Study Reveals The Devastating Impact of Problem Drug Users
on Brothers, Sisters and Parents
Apr 25 2006
"For ten years our life
got kinda took away from us. I felt we were in a big hole
hangin' on to the sides... I was powerless... I couldnae
change it, I couldnae make it better." Mick, drug user's
father, interviewed in Glasgow.
Drug treatment and prevention
services have concentrated on problem users while
overlooking the serious damage caused to their families –
including younger brothers and sisters who are at added risk
of developing drug problems themselves.
Drugs in the family, a new
report for the Joseph Rowntree Foundation, exposes the
devastating impact that an individual's heroin or
crack-cocaine habit often has on other family members. Based
on in-depth interviews with drugs users, their parents and
younger siblings, it reveals how families are drawn into a
downward spiral of problems. These include:
- Stress, anxiety and
related health problems through trying to protect the
family member from harm – including bitter family rows
over how best to respond.
- Parents lacking the time
or energy to support their other children as their child
with the drug problem increasingly absorbs their
- Stealing by drug users
from family members to fund their habit.
- Brothers and sisters
losing a valued relationship with a sibling whose drug
obsession has made them self-centred, argumentative and
- Routine exposure to
drug-taking at home. While some brothers and sisters in
the study were deterred by what they saw, others had been
encouraged to experiment themselves.
Marina Barnard, a Research
Fellow at the University of Glasgow's Centre for Drug Misuse
Research and the study's author, said: "Research for more
than a decade has highlighted the danger that young people
will be initiated to drugs like heroin and cocaine by an
older brother or sister, yet the risks have not been
properly acknowledged by policy makers or by treatment and
prevention agencies. Some younger brothers and sisters in
this study saw their siblings as sad, angry people who were
being destroyed by their drug habit, but others had either
become curious enough to experiment with drugs themselves or
been deliberately encouraged to try them."
The research in Glasgow found
parents were almost always thrown into shock and disarray by
the discovery that one or more children had developed a
problem with drugs. Typical first responses were confusion,
panic and a sense of shame that deterred them from seeking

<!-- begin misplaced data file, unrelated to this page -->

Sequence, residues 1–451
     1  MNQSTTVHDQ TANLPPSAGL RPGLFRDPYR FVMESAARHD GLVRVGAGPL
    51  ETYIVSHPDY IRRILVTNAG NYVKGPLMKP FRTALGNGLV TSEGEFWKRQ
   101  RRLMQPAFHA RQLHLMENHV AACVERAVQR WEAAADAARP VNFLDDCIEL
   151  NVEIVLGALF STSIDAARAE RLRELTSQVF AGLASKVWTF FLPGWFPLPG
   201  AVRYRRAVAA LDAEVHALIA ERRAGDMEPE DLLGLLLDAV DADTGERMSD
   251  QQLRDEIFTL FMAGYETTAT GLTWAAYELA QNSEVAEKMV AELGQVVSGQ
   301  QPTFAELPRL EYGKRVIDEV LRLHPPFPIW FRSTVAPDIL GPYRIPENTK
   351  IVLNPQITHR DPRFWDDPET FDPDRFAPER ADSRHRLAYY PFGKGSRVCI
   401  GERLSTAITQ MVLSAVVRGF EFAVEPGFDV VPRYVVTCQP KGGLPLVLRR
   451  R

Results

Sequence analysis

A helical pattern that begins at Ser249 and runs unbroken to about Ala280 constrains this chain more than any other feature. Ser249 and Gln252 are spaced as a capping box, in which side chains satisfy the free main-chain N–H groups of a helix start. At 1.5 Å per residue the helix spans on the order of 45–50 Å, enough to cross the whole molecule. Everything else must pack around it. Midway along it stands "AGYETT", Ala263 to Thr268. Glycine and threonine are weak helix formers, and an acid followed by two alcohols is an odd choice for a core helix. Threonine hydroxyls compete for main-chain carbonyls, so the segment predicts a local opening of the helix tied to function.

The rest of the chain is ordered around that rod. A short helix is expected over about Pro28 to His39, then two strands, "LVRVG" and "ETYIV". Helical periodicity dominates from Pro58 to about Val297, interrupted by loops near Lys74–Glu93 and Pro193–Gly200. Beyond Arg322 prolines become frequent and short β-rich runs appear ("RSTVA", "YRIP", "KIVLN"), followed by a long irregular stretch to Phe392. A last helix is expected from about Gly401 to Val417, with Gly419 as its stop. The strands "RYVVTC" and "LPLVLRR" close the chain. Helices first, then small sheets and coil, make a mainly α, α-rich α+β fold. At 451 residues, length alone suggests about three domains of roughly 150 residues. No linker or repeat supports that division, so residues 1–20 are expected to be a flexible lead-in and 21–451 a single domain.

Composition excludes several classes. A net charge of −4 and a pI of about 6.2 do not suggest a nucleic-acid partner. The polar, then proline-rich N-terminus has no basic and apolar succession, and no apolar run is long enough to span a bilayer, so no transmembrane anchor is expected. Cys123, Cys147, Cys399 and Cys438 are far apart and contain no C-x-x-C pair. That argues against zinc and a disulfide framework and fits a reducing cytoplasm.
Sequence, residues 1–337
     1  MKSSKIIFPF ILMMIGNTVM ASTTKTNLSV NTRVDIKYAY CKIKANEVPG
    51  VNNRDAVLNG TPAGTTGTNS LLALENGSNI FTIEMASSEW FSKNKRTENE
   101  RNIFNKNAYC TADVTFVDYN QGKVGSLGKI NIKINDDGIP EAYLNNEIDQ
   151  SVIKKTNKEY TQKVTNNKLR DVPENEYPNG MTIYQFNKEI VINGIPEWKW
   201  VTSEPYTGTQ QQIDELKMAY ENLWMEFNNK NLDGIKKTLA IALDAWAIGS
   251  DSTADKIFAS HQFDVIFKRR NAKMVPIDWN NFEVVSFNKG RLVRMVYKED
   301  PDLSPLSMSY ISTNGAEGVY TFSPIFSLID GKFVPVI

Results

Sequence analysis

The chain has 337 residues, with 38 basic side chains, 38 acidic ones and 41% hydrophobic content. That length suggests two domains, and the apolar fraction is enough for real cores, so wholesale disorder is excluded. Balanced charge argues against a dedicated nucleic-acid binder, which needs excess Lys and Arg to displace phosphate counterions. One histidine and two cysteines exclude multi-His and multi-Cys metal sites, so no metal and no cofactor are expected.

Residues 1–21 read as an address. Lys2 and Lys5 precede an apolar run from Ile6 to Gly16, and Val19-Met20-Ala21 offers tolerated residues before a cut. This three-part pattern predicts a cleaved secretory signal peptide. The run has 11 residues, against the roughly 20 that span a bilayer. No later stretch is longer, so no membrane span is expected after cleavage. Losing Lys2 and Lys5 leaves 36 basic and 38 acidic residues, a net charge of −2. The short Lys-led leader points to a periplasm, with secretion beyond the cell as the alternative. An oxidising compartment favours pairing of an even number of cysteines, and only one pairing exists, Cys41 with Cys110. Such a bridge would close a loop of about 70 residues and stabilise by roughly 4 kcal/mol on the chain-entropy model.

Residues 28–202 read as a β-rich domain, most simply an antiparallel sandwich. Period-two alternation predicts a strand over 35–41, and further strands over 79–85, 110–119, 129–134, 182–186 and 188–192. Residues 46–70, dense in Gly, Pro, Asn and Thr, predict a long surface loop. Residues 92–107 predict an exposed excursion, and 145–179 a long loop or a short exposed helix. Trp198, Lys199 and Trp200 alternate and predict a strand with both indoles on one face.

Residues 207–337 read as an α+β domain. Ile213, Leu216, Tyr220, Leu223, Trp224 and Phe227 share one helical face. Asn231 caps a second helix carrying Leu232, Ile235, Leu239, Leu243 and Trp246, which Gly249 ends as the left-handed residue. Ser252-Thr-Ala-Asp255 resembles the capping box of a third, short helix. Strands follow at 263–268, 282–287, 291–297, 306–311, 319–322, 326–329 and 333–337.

help from outside agencies.
As unsuccessful attempts to
cope led families into deeper difficulties, younger brothers
and sisters were increasingly drawn into the conflict:
mediating between their parents and their drug-user sibling,
and trying to prevent goods and money being stolen from the
Family support groups
were rarely accessed until families had been living with the
drug problem for many years. However, parents who had joined
a local group said they found it valuable and felt less
isolated. Some support groups offered breaks for families to
obtain some much-needed respite from the problems at home.
However, the report points out that support groups are often
short-lived as a result of being informal and self-funded.
Marina Barnard said: "The
problem drug use of a close family member creates enduring
stress, anxiety and conflict that have long-term
consequences and severely affects the health and well-being
of parents, brothers and sisters. Yet this study underlines
the real difficulties in trying to help families, given that
they tend to focus on the drug-affected child, rather than
the negative effects on themselves.
"We need to respond to the
challenge with compassion and imagination. Policy makers
must give careful thought to ways in which better family
support can most effectively mesh with existing treatment
and prevention services. More effort could be made to help
families when they first find out about the drug use, before
the problems become intractable. Mentoring programmes could
also play a part in enabling younger brothers and sisters to
resist becoming problem drug users themselves."